Addison’s disease is a rare disorder of the adrenal glands which affects the production of two hormones - cortisol and aldosterone.
Addison’s disease (also known as primary adrenal insufficiency or hypoadrenalism) is a rare disorder of the adrenal glands. It affects the production of two hormones – cortisol and aldosterone – which help to regulate blood pressure.
The adrenal glands are two small, pyramid-shaped glands that sit on top of the kidneys.
Each gland has inner and outer layers, each of which has a separate function:
- the inner area (the medulla) produces the hormone adrenaline
- the outer layer (the cortex) produces steroid hormones
In Addison’s disease, usually the cortex of the both adrenal glands has been destroyed. This disrupts the production of two steroid hormones, called cortisol and aldosterone.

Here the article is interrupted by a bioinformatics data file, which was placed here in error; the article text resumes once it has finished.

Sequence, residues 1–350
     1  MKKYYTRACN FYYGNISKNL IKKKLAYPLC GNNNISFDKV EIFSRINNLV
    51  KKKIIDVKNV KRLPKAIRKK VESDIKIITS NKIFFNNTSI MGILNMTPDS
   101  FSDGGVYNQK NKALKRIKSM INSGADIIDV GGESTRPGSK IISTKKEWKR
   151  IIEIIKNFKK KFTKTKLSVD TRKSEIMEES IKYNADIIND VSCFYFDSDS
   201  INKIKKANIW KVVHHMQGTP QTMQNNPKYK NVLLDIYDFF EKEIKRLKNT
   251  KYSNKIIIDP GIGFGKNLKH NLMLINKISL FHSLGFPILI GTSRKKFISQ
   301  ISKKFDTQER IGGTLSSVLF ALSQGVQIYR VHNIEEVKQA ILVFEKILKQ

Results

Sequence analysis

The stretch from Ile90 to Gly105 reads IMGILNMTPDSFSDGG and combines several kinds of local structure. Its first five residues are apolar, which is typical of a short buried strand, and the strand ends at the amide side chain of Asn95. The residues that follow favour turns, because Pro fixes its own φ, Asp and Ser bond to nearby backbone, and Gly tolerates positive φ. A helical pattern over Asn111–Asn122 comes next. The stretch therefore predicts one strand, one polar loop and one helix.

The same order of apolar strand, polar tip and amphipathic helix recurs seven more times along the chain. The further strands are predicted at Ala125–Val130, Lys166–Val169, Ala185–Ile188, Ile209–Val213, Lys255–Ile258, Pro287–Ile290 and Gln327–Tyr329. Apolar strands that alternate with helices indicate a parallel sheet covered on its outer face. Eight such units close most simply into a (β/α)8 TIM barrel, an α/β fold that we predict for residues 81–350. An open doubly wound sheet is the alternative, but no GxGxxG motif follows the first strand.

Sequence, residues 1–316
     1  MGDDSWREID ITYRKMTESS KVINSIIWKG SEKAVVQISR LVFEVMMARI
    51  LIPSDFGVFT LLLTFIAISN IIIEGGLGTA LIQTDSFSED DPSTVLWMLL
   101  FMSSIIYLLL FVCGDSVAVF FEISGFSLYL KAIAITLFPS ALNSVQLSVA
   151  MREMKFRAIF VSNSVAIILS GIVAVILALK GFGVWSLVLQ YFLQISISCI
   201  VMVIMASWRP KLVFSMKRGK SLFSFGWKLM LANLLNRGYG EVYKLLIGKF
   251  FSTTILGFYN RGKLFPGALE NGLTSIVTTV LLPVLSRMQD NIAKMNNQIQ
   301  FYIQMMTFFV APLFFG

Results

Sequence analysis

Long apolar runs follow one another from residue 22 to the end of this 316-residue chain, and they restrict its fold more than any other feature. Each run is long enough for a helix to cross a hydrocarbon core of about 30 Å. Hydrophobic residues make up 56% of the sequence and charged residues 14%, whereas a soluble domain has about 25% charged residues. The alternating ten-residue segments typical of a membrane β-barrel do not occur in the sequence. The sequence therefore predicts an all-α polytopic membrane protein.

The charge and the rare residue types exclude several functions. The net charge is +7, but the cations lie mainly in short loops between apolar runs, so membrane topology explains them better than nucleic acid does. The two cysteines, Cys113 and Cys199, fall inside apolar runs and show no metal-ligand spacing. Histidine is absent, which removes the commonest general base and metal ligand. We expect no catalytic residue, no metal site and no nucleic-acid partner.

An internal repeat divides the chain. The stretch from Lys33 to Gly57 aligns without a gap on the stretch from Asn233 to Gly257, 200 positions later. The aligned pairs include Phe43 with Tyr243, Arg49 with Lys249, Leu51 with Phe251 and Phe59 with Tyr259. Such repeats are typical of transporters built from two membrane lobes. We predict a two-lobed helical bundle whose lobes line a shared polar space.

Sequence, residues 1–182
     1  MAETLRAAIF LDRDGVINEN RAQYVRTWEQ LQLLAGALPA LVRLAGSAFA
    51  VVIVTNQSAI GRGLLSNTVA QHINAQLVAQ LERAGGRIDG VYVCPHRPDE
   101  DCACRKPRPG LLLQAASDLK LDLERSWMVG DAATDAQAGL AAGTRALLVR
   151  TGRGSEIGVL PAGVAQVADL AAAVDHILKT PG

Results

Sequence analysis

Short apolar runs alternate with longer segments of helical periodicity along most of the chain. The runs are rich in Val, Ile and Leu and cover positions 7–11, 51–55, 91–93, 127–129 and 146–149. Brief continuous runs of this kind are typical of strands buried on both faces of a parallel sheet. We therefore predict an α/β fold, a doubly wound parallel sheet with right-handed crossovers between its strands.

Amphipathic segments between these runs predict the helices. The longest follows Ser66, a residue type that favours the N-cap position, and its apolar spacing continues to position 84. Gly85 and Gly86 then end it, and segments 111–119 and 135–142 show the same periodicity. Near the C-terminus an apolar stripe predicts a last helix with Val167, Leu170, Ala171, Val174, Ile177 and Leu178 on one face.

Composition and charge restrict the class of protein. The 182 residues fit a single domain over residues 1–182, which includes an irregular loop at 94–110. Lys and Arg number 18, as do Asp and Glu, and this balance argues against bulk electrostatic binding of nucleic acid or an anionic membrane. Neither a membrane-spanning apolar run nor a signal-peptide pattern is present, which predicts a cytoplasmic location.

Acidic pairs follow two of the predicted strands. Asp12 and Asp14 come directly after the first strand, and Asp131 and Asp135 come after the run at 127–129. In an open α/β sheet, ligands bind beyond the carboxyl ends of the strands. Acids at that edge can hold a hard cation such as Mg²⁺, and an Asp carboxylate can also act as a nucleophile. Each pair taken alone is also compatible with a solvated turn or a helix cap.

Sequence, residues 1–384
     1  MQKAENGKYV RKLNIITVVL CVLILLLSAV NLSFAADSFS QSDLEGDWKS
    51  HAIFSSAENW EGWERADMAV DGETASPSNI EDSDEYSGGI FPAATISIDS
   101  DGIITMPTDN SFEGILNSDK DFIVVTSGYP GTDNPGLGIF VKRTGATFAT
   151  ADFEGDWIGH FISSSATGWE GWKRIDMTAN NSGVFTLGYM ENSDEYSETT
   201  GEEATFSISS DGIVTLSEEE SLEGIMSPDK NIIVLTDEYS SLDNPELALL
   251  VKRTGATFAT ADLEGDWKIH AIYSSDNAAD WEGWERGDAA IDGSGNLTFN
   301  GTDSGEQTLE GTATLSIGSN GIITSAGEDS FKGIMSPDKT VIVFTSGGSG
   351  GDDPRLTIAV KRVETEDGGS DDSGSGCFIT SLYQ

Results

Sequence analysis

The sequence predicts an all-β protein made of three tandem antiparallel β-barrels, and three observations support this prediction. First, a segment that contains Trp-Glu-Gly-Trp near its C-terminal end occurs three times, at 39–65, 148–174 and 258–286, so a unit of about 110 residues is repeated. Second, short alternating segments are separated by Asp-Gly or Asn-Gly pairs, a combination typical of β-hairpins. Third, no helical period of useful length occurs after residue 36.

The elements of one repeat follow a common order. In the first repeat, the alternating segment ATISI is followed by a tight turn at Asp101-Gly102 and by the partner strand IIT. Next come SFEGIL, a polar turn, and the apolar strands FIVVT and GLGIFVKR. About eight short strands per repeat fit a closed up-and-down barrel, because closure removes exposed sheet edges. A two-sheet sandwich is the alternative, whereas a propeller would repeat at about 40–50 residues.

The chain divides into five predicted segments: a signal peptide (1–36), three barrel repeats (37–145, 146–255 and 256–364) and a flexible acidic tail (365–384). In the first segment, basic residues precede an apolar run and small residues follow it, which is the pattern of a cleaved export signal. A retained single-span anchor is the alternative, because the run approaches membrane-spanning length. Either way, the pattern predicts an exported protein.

Cortisol is released in stressful situations and helps to maintain your energy levels, your blood sugar levels and carbohydrate metabolism. Aldosterone maintains the balance of salt and water in your body, which helps to control blood pressure.
When the adrenal glands don't produce enough cortisol and aldosterone, symptoms of Addison's disease can appear.
Addison’s disease is usually caused by an autoimmune condition, where the immune system produces antibodies that attack the body. This can damage the adrenal glands and disrupt the production of cortisol and aldosterone.
There is also research to show that people with certain genes may be more likely to develop Addison’s disease, especially those who already have another autoimmune condition, such as diabetes. Other potential causes include conditions that might damage the adrenal glands, such as tuberculosis (TB).
Addison's disease is rare. It is estimated that it affects around 14 people in every 100,000 in the UK. It can affect anyone of any age and both men and women equally.